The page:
Khinshtein stated that the attacks targeted all government agencies, all federal and regional utilities, energy and transportation systems, as well as “objects of the facility.” critical information infrastructure, including all Russian state-controlled media.” He blamed unknown attackers for sending text messages, push notifications and snail mails that were being sent to real addresses in Russia, describing the content as simply “horror. “
Khinshtein concluded that the aim of the ongoing attack was “to cause the infrastructure to collapse and the public to panic.” Soloviev explains: “We certainly understand that the Ukrainians are not the ones who do it, and our doctrine clearly describes cyberattacks as Casus Belli. So what are we waiting for? Not content with just one war going on, Soloviev is inciting another — but to be fair, he believes Russia is already at war with the Western world. He shout: “Our war is against the West – a big, serious war… Ukraine is a representative that the West is fighting against us.”
The war’s impact on Russia’s economic crisis is already starting to show, as the government and major supermarket chains have agreed limit Quantity of food sold per customer to limit hoarding.
Alexander Babakov, member of the State Duma, said: “The current situation can in fact be described as war. A war of savings, a war of survival… Look what the West is doing. It destroys all logistics, it destroys us economically… Let’s not be shy about it, we intend to win this war.”
Appearing on Soloviev’s program on Wednesday, political scientist Sergey Mikheyev guess: “The situation here, internally, could deteriorate once people start to feel the impact of the sanctions … even those who agree with us right now … Will It’s not enough just to tell them that this is our life. now, because we have to do the denuclearization of Ukraine… We should have prepared for this moment ten, fifteen years earlier, with a different economy, but even now, we We can’t just say this is our new reality and we have to live in it… We can tell them this How hard it will affect America – this is also necessary – but that alone will not be enough. “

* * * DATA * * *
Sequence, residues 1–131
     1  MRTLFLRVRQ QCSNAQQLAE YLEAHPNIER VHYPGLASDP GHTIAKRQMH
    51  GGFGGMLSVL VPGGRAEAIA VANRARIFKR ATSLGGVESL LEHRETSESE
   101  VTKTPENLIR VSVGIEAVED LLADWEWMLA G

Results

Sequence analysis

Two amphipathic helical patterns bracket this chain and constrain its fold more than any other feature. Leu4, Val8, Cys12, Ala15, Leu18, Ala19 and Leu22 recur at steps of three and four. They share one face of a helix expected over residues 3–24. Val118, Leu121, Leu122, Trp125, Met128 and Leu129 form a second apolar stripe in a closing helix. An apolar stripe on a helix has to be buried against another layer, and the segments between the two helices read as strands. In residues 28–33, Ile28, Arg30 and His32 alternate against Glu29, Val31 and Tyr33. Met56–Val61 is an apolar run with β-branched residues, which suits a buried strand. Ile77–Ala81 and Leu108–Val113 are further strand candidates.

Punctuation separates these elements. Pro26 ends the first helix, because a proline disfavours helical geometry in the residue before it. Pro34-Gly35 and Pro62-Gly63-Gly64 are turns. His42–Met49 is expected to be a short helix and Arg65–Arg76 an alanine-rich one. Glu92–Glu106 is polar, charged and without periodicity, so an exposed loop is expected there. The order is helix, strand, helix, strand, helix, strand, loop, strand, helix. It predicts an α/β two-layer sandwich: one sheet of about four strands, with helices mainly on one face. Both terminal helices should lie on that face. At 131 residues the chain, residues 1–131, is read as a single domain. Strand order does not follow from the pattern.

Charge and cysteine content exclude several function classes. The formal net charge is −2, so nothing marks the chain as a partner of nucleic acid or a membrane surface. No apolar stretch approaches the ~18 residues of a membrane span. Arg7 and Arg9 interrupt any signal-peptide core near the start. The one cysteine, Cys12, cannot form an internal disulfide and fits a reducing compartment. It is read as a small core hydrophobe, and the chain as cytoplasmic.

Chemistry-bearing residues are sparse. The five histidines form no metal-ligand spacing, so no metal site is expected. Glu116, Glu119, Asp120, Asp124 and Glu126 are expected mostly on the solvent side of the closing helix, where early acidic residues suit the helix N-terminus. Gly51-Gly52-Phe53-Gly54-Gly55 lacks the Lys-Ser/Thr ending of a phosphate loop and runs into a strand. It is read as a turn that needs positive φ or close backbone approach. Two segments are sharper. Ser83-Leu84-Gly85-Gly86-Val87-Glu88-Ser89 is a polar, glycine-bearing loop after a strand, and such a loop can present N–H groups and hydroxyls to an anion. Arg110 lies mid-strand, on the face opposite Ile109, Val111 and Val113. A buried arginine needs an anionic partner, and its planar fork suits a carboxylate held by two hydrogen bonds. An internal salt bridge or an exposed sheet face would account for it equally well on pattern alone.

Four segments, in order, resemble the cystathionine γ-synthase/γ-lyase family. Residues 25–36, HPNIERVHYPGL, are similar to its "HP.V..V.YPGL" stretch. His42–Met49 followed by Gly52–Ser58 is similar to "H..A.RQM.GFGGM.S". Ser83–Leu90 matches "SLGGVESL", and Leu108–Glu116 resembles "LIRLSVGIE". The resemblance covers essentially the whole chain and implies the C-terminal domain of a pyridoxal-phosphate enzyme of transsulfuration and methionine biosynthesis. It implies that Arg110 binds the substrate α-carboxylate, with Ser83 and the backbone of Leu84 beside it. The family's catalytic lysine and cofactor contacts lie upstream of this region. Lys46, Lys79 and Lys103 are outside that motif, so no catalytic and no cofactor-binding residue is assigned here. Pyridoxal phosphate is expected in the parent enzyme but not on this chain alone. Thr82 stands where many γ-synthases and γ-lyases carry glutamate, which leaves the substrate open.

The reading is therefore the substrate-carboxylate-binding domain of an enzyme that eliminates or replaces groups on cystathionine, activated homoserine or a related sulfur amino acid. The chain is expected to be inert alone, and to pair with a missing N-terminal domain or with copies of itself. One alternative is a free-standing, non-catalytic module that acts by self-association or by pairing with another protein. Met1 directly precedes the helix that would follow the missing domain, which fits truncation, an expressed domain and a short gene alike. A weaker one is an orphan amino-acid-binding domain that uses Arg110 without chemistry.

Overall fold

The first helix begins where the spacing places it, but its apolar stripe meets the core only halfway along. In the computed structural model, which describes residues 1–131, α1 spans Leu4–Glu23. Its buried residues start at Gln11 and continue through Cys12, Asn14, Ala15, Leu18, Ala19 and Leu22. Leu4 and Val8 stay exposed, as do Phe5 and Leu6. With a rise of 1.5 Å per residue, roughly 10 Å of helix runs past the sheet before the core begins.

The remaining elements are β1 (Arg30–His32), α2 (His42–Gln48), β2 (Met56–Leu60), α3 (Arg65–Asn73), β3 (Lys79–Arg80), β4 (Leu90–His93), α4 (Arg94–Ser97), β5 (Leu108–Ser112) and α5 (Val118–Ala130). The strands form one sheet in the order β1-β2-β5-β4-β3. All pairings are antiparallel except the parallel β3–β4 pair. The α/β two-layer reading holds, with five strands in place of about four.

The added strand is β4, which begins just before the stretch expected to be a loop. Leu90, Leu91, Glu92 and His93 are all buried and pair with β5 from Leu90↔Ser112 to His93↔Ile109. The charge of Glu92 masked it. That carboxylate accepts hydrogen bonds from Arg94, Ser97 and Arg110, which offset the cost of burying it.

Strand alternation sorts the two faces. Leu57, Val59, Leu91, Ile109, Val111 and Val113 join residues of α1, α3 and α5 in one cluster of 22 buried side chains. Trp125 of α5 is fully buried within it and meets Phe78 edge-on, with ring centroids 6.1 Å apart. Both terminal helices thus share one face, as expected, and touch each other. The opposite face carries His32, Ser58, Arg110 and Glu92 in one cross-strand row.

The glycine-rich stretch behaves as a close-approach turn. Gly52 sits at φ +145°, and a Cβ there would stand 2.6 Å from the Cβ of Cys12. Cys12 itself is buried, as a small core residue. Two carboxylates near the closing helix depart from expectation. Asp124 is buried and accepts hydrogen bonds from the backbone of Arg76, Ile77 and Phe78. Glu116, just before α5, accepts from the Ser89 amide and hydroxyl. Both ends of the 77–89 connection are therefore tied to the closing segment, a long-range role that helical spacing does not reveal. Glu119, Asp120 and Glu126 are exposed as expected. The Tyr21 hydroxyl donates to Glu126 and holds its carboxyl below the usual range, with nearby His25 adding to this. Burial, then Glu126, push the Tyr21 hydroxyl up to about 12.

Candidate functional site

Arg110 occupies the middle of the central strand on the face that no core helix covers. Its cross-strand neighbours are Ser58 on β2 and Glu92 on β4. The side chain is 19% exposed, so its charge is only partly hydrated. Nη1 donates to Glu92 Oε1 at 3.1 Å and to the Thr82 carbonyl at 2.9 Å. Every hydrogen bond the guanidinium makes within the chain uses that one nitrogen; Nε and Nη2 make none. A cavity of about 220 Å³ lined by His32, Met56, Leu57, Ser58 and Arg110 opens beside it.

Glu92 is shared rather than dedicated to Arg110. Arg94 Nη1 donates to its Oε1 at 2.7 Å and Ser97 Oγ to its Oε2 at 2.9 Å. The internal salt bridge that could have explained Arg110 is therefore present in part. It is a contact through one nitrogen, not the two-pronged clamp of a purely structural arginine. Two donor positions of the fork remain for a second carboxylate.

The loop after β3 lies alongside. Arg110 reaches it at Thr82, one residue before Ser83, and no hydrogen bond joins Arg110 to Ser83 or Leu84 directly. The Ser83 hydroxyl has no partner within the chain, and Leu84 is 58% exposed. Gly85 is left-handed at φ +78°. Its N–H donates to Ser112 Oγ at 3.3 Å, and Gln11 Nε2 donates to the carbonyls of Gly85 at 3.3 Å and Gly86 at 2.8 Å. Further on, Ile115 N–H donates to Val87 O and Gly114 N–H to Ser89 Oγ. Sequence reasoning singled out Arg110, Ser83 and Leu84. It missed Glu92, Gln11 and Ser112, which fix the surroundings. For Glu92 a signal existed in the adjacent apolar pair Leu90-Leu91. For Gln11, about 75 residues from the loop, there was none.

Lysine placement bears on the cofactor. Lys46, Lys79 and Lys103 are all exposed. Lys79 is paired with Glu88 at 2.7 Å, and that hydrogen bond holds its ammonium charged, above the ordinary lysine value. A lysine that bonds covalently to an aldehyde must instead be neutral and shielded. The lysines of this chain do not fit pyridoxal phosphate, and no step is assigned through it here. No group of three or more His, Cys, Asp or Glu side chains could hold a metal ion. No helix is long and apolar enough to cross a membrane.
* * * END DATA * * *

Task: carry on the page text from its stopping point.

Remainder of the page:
Mikheyev added: “With all due respect to our president, he always says that prosperity is the most important thing… Go ahead and explain, if the main thing in life is prosperity, then explain how we have to survive these sanctions. ”
With no sense of self, Soloviev brags that he’s not really concerned about the economic impact of Russia’s war against Ukraine – despite the recent loser into his two Italian mansions, estimated to be worth a total of $8 million. The presenter boasted: “Myself, I am well off.” He laughs: “I bought so many things in the past years that I won’t have to go to any stores for years to come.”
Even the most fervent Putin supporters have expressed displeasure with his government – not for waging war against Russia’s innocent neighbour, but for being unprepared for the economic predicament. downfall. Andrey Sidorov, deputy head of the faculty of world politics at Moscow State University, note: “Our government seems helpless. We never prepare for anything… How would people fix their cars without auto parts? Evoking the story of Cinderella, Soloviev bitterly pointed out, “And our phones are about to turn into pumpkins.”